How to Stop Dogs From Breaking Sprinklers

by Lori Lapierre, Demand Media
    Fixed sprinklers can be expensive to replace; protect your wallet by teaching Fido to avoid them.

    Fixed sprinklers can be expensive to replace; protect your wallet by teaching Fido to avoid them.

    If your dog would rather break sprinklers by digging, biting or chewing -- instead of enjoying their cooling spray -- it's an expensive problem. While portable sprinklers can simply be moved, fixed ones are easy prey. However, there are several ways to get your dog to stop his destructive behavior.

    Items you will need

    • Bitter tasting substance
    • Toys

    Step 1

    Do not allow your dog free, unsupervised access to the sprinklers. This may require purchasing or building a dog run, or providing a way for him to run in the yard for a short period of time -- such as half an hour -- while still somewhat restrained. This could be done with a long tether, such as a length of rope tied to a clothesline for those with no fence. Remember to give your dog access to plenty of drinking water while he is restrained, as well.

    Step 2

    Teach your dog basic commands that can be used to halt his behavior when you catch him messing with the sprinkler, such as "heel" and "sit." Praise him lavishly when he complies to enforce the behavior of not touching the sprinkler.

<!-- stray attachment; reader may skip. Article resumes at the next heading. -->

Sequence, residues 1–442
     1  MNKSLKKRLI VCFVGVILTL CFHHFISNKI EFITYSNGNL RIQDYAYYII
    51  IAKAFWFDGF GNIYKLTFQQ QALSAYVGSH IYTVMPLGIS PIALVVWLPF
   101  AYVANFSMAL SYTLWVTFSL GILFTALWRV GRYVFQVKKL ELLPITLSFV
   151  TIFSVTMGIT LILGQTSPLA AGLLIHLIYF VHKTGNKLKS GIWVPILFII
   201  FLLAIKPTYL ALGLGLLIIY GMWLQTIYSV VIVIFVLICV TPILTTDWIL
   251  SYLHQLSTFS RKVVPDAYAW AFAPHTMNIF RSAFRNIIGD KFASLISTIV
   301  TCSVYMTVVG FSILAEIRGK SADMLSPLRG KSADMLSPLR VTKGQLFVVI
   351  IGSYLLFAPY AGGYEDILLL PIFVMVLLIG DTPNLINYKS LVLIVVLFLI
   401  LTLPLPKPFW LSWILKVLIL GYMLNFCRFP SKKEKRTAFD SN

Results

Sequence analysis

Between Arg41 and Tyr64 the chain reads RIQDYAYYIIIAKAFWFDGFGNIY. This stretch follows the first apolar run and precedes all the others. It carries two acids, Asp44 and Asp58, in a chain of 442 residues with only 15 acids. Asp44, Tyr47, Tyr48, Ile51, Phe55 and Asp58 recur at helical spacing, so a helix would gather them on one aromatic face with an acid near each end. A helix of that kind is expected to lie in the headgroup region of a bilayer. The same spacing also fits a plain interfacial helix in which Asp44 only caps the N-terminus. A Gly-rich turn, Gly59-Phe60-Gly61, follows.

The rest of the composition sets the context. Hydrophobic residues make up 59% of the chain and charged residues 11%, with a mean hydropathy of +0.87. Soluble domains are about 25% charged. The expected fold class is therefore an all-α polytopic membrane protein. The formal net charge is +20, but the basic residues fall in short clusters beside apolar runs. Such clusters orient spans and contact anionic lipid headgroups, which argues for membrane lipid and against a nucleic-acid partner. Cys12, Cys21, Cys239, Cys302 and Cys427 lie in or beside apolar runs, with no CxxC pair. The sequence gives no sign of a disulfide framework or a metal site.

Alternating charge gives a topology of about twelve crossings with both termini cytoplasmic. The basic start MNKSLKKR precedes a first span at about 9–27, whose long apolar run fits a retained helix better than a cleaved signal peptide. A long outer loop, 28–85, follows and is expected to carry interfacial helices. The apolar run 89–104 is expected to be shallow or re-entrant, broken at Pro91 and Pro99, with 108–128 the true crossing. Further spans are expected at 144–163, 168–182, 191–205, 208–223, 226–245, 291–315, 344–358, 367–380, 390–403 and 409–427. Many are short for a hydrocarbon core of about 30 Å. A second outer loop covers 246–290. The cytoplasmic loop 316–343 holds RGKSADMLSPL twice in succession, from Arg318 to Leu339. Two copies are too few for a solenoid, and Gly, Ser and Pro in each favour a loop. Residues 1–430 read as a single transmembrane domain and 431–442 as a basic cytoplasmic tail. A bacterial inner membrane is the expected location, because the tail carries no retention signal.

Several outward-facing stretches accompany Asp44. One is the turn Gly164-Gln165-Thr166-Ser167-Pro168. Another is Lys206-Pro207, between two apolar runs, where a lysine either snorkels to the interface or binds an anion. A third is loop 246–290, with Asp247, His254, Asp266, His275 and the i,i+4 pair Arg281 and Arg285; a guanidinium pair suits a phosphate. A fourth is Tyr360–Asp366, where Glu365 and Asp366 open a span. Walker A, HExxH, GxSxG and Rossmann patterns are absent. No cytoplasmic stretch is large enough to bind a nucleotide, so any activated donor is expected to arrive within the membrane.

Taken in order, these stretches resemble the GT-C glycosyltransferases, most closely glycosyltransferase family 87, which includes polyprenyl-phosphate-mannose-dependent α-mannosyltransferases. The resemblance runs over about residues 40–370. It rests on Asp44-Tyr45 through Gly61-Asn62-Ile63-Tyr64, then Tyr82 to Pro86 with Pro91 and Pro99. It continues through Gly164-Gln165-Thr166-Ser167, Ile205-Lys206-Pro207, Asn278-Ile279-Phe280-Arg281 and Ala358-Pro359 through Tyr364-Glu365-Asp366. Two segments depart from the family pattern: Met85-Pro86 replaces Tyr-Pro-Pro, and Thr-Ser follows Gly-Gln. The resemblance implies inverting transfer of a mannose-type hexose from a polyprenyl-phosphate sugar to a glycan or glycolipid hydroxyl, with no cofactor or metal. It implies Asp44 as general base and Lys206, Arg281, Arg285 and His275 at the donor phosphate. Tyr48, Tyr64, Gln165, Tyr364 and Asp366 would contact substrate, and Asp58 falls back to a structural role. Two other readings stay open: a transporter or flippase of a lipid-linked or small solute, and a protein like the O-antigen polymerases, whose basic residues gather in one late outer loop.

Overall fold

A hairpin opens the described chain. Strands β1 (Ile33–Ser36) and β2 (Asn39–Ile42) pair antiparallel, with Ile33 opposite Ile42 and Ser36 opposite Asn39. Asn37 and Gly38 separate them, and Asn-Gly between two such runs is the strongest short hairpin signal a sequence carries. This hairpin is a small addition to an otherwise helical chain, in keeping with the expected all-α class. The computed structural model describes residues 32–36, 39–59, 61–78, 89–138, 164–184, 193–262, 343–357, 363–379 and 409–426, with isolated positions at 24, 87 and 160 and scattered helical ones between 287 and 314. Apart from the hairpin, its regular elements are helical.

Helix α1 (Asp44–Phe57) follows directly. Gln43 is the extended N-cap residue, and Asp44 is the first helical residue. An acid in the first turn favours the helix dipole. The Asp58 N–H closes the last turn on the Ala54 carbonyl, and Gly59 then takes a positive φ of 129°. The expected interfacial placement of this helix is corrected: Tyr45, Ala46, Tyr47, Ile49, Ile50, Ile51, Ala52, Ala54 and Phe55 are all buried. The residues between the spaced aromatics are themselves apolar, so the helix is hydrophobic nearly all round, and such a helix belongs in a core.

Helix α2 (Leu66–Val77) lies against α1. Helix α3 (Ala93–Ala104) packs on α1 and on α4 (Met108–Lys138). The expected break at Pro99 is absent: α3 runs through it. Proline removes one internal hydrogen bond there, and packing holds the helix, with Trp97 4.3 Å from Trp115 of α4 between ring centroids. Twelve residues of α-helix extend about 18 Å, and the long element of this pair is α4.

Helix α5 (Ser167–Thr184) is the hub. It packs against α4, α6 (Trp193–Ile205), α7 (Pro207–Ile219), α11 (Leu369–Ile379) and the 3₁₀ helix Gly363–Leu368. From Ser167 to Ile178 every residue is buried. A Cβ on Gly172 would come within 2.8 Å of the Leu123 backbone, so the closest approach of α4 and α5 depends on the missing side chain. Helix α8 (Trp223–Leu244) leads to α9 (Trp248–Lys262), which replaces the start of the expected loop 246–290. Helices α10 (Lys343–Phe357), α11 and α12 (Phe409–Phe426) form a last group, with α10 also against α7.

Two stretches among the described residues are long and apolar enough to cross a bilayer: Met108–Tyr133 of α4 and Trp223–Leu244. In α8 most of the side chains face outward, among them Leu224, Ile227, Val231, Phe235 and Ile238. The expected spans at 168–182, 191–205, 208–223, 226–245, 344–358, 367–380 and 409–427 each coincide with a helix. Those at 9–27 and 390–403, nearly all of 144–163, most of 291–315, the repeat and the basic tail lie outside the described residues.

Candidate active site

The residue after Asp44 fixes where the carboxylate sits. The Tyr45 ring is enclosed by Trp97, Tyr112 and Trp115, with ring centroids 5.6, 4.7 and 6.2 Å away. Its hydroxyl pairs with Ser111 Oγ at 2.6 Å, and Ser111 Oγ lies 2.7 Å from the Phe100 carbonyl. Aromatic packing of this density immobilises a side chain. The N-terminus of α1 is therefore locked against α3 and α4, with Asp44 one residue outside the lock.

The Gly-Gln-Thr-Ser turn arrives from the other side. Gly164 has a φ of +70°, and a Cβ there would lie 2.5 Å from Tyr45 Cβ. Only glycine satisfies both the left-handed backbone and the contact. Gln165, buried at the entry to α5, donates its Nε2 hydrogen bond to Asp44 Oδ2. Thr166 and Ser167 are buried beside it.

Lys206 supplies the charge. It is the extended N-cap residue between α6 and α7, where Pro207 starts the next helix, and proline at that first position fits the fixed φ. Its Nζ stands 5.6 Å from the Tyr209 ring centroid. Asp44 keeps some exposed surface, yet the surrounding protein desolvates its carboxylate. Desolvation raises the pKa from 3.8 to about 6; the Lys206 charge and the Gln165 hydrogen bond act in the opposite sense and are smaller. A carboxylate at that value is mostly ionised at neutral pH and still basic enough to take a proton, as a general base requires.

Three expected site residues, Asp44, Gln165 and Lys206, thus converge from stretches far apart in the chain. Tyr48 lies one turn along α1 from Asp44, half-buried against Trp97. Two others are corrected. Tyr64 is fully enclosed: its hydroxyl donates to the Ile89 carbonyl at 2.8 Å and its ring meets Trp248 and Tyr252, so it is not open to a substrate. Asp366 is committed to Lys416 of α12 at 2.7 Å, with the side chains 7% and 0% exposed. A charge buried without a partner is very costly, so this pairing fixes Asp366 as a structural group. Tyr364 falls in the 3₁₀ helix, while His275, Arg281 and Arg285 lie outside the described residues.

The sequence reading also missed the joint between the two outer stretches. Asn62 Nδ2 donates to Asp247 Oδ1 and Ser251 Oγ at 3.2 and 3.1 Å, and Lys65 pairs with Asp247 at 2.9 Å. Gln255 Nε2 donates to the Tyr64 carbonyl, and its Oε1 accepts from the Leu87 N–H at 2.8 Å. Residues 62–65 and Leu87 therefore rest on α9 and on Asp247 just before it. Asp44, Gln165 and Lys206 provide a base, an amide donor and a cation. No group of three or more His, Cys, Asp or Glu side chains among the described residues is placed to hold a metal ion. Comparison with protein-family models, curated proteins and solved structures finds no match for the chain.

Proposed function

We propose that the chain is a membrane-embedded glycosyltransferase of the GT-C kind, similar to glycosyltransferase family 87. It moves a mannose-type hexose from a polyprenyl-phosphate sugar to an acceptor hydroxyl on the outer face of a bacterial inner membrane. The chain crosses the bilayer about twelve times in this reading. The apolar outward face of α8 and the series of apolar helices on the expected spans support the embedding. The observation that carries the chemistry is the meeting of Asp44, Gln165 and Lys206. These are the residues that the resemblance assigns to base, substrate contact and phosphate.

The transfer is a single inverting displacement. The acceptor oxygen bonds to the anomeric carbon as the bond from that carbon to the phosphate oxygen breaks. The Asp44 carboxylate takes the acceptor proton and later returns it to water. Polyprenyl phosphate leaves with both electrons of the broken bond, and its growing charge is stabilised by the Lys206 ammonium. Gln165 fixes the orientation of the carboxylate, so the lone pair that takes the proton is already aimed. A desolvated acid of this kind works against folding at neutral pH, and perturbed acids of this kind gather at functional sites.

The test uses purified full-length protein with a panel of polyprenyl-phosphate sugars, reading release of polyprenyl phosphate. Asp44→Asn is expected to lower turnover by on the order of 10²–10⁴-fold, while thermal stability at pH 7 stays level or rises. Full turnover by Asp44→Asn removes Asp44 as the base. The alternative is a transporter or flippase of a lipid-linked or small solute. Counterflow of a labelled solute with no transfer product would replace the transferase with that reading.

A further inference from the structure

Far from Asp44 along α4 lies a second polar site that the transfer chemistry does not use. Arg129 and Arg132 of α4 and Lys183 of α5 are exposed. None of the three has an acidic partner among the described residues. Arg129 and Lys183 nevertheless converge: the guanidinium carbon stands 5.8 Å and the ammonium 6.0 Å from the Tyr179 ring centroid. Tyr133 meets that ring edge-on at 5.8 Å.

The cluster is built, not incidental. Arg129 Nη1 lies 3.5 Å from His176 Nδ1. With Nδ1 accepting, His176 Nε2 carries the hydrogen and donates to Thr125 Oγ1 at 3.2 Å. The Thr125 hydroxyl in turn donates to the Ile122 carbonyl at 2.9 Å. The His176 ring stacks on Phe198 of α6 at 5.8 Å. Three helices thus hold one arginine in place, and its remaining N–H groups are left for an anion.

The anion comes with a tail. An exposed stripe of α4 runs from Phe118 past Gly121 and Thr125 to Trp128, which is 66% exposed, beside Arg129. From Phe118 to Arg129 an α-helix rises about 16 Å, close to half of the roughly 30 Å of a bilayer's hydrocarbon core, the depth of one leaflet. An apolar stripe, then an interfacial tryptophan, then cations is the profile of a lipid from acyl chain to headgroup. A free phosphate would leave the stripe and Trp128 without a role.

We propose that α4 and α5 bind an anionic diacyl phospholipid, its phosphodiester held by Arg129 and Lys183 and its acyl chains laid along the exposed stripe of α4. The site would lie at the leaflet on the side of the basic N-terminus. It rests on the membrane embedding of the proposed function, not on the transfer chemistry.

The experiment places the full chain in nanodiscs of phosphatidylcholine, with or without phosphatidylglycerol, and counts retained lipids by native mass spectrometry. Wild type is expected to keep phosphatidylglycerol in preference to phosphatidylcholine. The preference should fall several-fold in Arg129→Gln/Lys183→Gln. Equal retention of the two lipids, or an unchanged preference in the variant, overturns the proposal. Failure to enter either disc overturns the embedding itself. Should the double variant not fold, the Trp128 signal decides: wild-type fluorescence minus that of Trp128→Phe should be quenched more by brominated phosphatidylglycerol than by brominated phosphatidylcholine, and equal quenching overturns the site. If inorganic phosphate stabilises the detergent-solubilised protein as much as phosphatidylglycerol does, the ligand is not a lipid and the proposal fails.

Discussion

Step 3

    Train your dog to avoid the sprinkler. Watch as he approaches the sprinkler -- or call him over to it -- and then turn the water on abruptly. Turn it off as he backs or runs away. Do not let him see you turning the water faucet on. Repeat this step as necessary to make him think the sprinkler is activated by his approach.

    Step 4

    Spray the sprinkler heads with a bitter-tasting compound, such as pepper sauce or Bitter Apple, to make them unappealing to your dog's taste buds. You will need to reapply these after the sprinklers are used or it rains.

    Step 5

    Ease your dog's boredom, which may be why he is attacking the sprinklers. Provide plenty of toys that will engage his mind and body while he is playing in the yard alone, and rotate them so that they seem continually new. Make sure he is receiving adequate exercise -- long walks, games of fetch, and lots of running.

    About the Author

    Lori Lapierre holds a Bachelor of Arts and Science in public relations/communications. For 17 years, she worked for a Fortune 500 company before purchasing a business and starting a family. She is a regular freelancer for "Living Light News," an award-winning national publication. Her past writing experience includes school news reporting, church drama, in-house business articles and a self-published mystery, "Duty Free Murder."

    Photo Credits

    • Jupiterimages/Photos.com/Getty Images